Machine learning detects lymphedema in breast cancer survivors
A new study led by NYU Rory Meyers College of Nursing shows that machine learning—combined with the collection of real-time symptom reports using a mHealth system—can provide early detection and help patients to receive timely intervention to effectively manage lymphedema.
It’s one of the most distressing side effects from breast cancer treatment, stemming from the removal of lymph nodes. Lymphedema, which has no cure and comes with lifelong risk, is the build-up of lymph fluid that causes swelling in the arms or legs of patients.
In the study of 355 women from 45 states who had undergone treatment for breast cancer, the performance of five machine learning algorithms were evaluated—artificial neural network (ANN), Decision Tree of C4.5, Decision Tree of C5.0, gradient boosting model and support vector machine.
According to results published in the journal mHealth, all five machine learning approaches outperformed the conventional statistical approach. However, of the five, the ANN achieved the best performance for detecting lymphedema with accuracy of 93.75 percent, sensitivity of 95.65 percent and specificity of 91.03 percent.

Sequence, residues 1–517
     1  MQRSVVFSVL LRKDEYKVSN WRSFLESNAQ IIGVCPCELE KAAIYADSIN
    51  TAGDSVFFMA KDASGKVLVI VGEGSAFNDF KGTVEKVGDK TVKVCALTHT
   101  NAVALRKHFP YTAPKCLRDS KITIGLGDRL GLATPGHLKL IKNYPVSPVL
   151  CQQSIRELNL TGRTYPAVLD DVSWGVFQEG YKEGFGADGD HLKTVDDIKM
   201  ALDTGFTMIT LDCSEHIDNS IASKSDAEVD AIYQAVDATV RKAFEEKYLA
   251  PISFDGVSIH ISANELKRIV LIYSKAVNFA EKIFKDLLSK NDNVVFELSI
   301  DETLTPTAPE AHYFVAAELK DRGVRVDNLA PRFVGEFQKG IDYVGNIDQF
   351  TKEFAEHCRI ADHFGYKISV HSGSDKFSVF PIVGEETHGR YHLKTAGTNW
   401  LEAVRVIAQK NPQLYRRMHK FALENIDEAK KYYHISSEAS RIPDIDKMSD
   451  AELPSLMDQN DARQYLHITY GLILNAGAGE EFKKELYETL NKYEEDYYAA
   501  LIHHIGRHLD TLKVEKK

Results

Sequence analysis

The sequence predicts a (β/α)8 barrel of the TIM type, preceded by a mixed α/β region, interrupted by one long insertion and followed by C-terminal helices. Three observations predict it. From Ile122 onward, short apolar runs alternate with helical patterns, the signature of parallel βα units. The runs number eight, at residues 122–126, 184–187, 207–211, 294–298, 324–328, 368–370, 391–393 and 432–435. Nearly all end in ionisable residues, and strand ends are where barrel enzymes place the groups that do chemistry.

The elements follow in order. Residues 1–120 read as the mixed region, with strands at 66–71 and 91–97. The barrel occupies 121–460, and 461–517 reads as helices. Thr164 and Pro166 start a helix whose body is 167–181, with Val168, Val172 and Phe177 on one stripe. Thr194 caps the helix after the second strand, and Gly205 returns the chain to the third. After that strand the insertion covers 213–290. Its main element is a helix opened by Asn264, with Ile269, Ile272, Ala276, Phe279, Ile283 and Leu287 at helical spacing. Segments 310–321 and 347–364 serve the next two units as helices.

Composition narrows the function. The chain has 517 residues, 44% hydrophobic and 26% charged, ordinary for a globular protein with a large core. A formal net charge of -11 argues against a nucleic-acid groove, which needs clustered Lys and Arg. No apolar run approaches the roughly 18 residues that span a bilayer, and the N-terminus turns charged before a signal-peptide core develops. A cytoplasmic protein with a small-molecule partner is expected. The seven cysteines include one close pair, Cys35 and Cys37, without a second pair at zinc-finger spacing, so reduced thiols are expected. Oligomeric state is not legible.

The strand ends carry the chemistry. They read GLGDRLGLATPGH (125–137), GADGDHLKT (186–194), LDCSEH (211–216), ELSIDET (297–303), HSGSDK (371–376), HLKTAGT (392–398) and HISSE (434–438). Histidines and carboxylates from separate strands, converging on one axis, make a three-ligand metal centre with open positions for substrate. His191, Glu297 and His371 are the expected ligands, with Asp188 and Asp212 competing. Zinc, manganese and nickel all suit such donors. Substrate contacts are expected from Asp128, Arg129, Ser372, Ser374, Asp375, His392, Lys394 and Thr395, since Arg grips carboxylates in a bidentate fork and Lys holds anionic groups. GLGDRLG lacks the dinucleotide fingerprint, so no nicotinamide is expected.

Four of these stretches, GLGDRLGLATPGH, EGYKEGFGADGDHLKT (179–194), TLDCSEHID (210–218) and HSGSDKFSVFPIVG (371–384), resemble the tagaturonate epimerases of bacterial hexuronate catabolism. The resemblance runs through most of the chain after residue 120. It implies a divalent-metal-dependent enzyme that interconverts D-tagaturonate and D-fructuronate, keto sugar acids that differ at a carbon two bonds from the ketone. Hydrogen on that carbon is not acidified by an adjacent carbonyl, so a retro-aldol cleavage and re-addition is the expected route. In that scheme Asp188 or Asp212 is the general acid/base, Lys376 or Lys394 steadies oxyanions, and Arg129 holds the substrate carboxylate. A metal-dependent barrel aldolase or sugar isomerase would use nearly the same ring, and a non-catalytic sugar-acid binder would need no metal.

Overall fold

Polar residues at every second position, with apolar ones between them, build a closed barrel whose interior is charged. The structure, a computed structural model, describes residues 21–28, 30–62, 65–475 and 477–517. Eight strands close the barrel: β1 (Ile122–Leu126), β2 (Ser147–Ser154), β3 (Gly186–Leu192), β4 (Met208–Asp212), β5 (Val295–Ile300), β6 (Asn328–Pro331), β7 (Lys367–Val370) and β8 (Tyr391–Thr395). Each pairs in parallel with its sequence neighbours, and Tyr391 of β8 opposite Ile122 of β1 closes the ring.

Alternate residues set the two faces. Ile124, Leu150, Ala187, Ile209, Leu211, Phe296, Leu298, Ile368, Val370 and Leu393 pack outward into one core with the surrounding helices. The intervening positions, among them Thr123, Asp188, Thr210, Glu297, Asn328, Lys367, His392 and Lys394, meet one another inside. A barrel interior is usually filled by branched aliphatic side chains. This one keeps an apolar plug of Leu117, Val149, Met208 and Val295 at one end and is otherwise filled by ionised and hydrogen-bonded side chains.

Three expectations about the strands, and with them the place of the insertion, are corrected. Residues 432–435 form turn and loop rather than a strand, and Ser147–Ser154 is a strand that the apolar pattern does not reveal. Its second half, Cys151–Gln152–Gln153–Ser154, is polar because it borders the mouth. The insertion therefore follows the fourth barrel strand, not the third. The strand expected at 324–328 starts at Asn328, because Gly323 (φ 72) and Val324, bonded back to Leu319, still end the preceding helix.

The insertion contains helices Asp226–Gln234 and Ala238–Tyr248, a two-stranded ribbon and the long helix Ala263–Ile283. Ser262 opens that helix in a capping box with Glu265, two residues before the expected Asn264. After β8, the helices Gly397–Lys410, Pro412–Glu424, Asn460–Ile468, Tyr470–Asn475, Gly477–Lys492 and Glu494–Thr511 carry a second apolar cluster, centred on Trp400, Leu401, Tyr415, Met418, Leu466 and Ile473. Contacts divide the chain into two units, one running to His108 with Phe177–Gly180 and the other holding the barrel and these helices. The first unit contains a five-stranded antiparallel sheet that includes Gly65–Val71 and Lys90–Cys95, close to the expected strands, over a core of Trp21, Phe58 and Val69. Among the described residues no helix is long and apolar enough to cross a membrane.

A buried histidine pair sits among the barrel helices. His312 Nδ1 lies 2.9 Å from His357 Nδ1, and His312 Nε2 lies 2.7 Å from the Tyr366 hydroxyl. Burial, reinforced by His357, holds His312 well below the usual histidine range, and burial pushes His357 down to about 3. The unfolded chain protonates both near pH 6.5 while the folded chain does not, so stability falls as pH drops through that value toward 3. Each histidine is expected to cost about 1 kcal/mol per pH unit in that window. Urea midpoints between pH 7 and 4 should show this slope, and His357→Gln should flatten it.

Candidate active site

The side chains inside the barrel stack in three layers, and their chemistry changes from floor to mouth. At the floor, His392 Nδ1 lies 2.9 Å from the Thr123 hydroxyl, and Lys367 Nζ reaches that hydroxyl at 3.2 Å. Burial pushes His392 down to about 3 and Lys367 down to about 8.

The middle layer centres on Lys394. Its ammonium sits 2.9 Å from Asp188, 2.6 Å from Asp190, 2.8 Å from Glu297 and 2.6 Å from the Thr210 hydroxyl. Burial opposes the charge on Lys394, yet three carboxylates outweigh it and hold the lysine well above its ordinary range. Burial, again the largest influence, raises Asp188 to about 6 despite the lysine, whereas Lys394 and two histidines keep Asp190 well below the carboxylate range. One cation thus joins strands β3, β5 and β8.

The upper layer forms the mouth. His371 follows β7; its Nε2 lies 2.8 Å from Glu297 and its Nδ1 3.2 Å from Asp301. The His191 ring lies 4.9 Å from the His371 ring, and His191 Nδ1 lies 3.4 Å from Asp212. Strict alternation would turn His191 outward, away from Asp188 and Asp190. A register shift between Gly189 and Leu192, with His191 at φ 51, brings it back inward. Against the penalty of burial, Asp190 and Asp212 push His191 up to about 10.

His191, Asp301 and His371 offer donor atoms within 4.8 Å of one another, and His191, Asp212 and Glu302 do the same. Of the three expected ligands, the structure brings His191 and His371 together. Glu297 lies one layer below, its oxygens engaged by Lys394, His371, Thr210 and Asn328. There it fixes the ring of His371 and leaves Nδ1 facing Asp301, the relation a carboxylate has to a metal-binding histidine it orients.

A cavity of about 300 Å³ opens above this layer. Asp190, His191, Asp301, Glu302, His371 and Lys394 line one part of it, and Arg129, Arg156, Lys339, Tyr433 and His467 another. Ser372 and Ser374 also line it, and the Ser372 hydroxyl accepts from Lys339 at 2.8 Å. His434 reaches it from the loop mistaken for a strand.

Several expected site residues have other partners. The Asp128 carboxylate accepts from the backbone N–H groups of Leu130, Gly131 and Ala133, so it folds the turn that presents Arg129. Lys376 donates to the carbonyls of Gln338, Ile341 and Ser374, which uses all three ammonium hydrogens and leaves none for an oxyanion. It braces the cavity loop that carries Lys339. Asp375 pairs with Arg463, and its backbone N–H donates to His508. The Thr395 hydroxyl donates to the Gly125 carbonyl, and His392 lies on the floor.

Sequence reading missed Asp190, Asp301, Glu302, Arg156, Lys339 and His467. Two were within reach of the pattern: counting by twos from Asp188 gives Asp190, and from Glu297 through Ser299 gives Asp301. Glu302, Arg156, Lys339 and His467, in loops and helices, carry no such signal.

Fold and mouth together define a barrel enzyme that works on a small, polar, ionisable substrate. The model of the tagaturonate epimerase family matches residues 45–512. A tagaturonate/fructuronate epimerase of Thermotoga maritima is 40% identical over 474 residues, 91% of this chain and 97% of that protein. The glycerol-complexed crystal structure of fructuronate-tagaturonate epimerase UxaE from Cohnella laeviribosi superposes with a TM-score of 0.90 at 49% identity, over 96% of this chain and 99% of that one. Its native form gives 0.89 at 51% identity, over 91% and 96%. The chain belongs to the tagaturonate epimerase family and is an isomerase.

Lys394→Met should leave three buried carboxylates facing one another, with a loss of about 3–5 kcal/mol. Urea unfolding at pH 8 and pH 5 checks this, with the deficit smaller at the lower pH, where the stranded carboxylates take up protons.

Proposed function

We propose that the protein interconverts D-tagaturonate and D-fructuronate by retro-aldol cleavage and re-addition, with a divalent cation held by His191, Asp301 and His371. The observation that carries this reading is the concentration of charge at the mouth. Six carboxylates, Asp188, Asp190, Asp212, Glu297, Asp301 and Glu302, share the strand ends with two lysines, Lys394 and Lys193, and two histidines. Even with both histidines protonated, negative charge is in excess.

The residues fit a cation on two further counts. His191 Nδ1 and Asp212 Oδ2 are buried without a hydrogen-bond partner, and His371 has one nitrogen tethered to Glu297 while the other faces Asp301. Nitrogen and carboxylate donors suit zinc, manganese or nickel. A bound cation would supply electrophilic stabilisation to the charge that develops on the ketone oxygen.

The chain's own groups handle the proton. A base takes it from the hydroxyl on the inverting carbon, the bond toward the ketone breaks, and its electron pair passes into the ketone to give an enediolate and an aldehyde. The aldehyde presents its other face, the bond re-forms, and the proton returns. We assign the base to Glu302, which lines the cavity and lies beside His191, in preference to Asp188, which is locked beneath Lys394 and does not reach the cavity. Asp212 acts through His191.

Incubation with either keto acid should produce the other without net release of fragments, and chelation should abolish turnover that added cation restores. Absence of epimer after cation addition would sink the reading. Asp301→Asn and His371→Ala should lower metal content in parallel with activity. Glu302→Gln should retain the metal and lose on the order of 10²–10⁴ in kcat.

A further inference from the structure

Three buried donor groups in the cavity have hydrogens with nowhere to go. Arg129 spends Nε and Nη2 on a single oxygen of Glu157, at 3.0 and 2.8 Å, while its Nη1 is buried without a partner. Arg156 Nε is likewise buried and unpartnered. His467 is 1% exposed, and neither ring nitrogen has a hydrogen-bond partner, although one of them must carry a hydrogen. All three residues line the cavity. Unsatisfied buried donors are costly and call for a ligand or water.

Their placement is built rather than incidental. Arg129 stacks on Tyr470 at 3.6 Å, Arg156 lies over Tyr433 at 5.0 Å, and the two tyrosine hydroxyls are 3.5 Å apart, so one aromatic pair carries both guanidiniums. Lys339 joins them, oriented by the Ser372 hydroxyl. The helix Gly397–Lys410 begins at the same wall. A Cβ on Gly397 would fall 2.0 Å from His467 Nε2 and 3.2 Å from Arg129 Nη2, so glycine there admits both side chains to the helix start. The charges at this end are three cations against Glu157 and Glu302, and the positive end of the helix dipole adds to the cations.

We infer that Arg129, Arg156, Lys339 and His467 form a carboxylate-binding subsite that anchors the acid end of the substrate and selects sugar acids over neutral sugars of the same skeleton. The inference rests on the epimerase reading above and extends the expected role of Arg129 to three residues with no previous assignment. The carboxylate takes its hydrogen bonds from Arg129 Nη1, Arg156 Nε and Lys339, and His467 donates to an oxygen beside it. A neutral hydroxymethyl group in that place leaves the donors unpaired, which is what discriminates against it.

“Such detection accuracy is significantly higher than that achievable by current and often-used clinical methods,” says Mei Fu, associate professor of nursing at NYU Meyers and the study’s lead author. “Clinicians often detect or diagnose lymphedema based on their observation of swelling. However, by the time swelling can be observed or measured, lymphedema has typically occurred for some time, which may lead to poor clinical outcomes.”
“A well-trained ANN classifier using real-time symptom report can provide highly accurate detection of lymphedema,” conclude the study’s authors. “Such detection accuracy is significantly higher than that achievable by current and often-used clinical methods such as bio-impedance analysis. Use of a well-trained classification algorithm to detect lymphedema based on symptom features is a highly promising tool that may improve lymphedema outcomes.”